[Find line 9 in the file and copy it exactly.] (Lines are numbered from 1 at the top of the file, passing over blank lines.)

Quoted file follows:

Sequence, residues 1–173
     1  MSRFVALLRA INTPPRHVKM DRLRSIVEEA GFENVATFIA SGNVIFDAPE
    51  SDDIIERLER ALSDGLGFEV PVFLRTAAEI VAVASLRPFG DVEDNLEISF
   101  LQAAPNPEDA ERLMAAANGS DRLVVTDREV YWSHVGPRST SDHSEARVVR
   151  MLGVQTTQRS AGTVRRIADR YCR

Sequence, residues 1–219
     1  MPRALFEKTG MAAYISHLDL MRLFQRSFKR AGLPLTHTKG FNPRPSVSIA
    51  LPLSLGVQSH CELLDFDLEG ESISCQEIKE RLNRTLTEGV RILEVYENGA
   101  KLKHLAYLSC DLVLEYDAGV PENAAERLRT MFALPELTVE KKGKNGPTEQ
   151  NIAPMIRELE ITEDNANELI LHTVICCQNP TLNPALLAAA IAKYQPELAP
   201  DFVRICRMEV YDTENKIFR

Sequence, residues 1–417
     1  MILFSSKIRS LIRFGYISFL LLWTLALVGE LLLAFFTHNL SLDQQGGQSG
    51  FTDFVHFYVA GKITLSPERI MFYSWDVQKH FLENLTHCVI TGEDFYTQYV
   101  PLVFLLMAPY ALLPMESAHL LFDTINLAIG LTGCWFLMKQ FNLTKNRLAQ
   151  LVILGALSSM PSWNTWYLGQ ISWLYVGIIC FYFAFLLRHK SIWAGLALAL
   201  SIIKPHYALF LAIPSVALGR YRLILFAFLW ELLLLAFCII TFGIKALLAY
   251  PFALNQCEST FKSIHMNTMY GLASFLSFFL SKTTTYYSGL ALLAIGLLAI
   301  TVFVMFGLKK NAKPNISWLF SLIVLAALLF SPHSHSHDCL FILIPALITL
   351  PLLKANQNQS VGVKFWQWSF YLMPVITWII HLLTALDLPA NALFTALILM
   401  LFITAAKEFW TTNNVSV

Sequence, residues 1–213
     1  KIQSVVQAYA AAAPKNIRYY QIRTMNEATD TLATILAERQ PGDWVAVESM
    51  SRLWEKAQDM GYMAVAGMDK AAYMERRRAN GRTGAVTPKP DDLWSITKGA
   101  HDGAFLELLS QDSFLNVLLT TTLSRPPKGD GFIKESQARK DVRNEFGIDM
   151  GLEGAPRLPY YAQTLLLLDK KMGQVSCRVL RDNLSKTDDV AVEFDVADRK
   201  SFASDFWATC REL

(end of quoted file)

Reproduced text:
   101  KLKHLAYLSC DLVLEYDAGV PENAAERLRT MFALPELTVE KKGKNGPTEQ